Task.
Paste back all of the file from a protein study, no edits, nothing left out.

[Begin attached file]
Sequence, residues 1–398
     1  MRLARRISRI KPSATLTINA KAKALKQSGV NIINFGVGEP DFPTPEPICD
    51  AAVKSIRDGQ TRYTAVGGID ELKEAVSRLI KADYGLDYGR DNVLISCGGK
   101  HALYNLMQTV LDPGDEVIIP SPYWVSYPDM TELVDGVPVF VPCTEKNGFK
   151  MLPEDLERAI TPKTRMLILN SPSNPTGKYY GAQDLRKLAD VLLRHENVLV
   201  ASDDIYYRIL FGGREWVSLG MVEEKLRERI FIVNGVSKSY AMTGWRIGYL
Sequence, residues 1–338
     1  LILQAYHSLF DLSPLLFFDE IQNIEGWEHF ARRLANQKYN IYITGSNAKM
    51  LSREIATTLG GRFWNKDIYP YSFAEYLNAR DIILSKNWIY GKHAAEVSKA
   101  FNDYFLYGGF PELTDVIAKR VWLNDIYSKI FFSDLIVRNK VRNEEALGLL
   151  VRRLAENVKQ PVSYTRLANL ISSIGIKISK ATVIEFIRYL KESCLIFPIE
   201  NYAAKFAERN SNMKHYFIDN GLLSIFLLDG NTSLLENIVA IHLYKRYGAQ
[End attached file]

Sequence, residues 1–398
     1  MRLARRISRI KPSATLTINA KAKALKQSGV NIINFGVGEP DFPTPEPICD
    51  AAVKSIRDGQ TRYTAVGGID ELKEAVSRLI KADYGLDYGR DNVLISCGGK
   101  HALYNLMQTV LDPGDEVIIP SPYWVSYPDM TELVDGVPVF VPCTEKNGFK
   151  MLPEDLERAI TPKTRMLILN SPSNPTGKYY GAQDLRKLAD VLLRHENVLV
   201  ASDDIYYRIL FGGREWVSLG MVEEKLRERI FIVNGVSKSY AMTGWRIGYL
Sequence, residues 1–338
     1  LILQAYHSLF DLSPLLFFDE IQNIEGWEHF ARRLANQKYN IYITGSNAKM
    51  LSREIATTLG GRFWNKDIYP YSFAEYLNAR DIILSKNWIY GKHAAEVSKA
   101  FNDYFLYGGF PELTDVIAKR VWLNDIYSKI FFSDLIVRNK VRNEEALGLL
   151  VRRLAENVKQ PVSYTRLANL ISSIGIKISK ATVIEFIRYL KESCLIFPIE
   201  NYAAKFAERN SNMKHYFIDN GLLSIFLLDG NTSLLENIVA IHLYKRYGAQ